I accidently deleted several hundred photos tonight – Fremont Street and Mariah’s belly from just before I left last June, and I feel physically sick over it. They’re on my NAS, I realised the deletion immediately and unmounted it, so I know I can recover them. It doesn’t leave me feeling any less sick over temporarily wiping out some very precious pictures.
For the rest of the day, I tried to show up some weekend warriors who were nervously snapping away at sawns from the ramp at South Park by getting down and bravely crawling up to said feathered beastie. I got about a hundred absolutely magnificent photos of them, but the whole experience wound up with me sticking my forehead in fresh bird shit and getting snickered at. I was deservedly owned.
The whole experience got me thinking: For all that they are beautiful animals, swans are a swans are a hugely popular subject for fledging photographer. I know that I’ve taken my own fair share of pictures of them. So what makes an awesome or a different photo? I commented last night on a forum thread that short of offworld travel being opened up to the unwashed masses, most subjects have already been photographed in most ways imagineable. So what makes one in paticular different?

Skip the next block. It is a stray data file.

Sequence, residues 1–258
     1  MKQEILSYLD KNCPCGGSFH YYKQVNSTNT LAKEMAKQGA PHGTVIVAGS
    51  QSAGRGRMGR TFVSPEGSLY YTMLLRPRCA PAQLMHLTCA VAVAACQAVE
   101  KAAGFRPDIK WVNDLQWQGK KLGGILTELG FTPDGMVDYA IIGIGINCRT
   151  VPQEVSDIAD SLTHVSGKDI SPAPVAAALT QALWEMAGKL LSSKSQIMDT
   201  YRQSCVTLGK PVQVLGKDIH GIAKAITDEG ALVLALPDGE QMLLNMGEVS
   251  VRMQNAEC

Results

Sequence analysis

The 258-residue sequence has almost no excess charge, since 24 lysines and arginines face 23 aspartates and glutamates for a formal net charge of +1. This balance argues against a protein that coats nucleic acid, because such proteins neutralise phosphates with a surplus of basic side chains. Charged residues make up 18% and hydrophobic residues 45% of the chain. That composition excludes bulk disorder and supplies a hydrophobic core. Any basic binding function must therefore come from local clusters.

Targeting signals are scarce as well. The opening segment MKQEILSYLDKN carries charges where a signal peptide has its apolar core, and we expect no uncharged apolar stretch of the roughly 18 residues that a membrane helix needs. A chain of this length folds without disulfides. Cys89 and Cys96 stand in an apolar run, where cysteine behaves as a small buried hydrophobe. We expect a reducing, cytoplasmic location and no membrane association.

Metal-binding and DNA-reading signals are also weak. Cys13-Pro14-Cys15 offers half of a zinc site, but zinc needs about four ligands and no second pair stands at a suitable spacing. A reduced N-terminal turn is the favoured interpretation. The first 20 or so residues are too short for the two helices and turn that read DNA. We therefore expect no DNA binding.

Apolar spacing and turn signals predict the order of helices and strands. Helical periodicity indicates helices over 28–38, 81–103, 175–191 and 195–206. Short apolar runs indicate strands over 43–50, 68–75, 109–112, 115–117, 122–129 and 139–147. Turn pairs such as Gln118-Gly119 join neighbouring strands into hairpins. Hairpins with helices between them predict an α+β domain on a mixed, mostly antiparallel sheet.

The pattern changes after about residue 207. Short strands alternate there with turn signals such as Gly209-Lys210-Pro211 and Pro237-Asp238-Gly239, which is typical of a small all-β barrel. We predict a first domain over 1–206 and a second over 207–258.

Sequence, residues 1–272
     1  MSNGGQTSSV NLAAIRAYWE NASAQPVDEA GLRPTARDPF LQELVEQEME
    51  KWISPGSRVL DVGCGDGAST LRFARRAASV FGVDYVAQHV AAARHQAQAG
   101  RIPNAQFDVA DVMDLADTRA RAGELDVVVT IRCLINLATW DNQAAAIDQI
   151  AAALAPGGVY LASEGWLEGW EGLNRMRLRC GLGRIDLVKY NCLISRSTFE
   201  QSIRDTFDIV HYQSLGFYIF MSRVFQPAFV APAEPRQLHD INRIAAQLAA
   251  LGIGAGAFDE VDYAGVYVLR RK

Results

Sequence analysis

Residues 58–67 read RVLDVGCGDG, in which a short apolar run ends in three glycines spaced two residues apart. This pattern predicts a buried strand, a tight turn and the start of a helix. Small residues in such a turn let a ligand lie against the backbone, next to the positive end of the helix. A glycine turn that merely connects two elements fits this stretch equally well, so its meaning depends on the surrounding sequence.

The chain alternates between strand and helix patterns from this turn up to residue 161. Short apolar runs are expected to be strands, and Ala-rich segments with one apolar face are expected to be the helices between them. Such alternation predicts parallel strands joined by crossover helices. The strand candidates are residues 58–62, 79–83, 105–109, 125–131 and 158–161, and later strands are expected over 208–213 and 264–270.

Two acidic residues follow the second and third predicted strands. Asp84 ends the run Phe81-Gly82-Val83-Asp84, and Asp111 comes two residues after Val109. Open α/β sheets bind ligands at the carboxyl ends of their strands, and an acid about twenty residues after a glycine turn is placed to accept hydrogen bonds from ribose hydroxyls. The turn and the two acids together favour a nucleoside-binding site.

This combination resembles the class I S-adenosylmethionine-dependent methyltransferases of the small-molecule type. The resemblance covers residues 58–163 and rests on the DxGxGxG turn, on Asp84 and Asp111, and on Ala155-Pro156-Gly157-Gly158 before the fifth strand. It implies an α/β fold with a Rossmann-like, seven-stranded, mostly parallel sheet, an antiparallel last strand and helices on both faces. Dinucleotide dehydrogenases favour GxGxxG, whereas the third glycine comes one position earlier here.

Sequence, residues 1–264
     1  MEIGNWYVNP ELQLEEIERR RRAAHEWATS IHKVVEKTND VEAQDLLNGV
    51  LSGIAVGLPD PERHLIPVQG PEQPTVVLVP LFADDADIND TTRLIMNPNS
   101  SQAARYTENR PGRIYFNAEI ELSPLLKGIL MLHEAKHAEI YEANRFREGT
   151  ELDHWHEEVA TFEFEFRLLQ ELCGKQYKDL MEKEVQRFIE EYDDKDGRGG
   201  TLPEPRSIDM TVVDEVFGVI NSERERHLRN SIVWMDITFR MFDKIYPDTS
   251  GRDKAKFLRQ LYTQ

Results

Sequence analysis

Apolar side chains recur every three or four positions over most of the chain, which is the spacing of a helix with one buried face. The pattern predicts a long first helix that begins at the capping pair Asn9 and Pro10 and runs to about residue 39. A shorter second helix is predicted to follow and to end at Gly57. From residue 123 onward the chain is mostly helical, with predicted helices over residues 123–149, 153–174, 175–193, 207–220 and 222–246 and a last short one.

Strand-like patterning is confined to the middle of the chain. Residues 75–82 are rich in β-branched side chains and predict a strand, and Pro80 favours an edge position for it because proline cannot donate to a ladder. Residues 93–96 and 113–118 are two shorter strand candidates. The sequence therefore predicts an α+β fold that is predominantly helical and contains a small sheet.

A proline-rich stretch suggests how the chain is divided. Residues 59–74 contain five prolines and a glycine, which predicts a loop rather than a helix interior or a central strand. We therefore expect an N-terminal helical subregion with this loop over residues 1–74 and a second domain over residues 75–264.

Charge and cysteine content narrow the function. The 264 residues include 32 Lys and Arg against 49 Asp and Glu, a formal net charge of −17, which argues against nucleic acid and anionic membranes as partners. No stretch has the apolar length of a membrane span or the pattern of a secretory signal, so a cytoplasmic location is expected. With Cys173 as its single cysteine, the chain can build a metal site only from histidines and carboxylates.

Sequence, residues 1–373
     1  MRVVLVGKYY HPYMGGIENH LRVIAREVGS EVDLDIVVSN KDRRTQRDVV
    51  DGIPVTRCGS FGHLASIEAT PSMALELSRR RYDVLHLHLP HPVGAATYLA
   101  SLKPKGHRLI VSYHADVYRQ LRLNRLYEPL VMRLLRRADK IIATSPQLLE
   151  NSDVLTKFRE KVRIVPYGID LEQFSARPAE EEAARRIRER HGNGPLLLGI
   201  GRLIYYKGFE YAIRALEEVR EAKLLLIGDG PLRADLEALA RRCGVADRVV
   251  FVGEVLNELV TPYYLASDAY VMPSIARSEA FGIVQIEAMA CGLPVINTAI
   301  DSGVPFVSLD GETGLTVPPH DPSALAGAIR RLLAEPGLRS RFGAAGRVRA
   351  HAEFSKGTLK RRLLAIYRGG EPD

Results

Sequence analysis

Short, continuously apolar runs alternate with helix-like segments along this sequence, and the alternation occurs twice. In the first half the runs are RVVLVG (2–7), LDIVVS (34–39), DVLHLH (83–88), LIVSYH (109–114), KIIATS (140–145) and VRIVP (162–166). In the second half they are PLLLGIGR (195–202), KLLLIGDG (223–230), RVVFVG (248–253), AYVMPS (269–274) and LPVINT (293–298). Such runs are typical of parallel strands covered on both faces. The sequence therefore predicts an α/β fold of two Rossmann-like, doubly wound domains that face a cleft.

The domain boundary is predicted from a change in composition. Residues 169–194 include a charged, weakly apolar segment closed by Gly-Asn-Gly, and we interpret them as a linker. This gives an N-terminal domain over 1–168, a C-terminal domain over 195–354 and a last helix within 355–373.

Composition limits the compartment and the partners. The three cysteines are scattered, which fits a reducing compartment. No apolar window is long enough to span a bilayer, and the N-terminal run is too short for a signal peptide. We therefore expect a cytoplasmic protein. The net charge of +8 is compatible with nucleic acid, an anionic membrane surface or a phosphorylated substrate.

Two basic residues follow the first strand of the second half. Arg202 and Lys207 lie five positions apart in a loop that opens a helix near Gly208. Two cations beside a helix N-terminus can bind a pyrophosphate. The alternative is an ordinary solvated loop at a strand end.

You do. You put your own mark of strangeness on a photo. I’ve looked at photos by acclaimed phofessionals, which the masses have lauded, and found a bland vista. I’ve looked at blurry photos taken by children and found a world of wonderment. It’s different for you. You can see the magnificent and subtely perfect sunset in the first and a crappy photo of some toys in the second. I won’t even pretend I have some form of enlightened stance on what makes something great as I firmly believe that the subconcious makes the decision in a split second. It’s then left up to the concious mind to justify this like or dislike. Oh for sure there’s certain aesthetics in a photo I’m inclined toward, but it’s all in the gut.
And all of the above really sounds like I’m arrogant and talking shit. Win! I’ll leave words to Jenny in future as she has a gift for the English language that I honestly lack.
Jenn, Mum and I went out to dinner tonight, where we got in a fight because I brought my dammed camera along. Jenn asserted that she hadn’t given me permission to take her photo actually stirred pride in me of all things; she’s learning. After an okay-ish curry I photographed the family behind our table as they got their birthday cake, on a complete whim:
This makes photography worthwhile
They were incredibly happy with the photos and I wound up showing the two boys how to use my camera, and gave us all some cake (glee!); and my own family were happy I did all of that for people who were complete strangers. The whole incident cememted my own outlook on charging for photos (I didn’t, before anyone yells at me): If I take a photo on my own time, it’s yours if you’re not a company trying to make money on it. If you pay me to take photos for you, that’s an entirely different matter.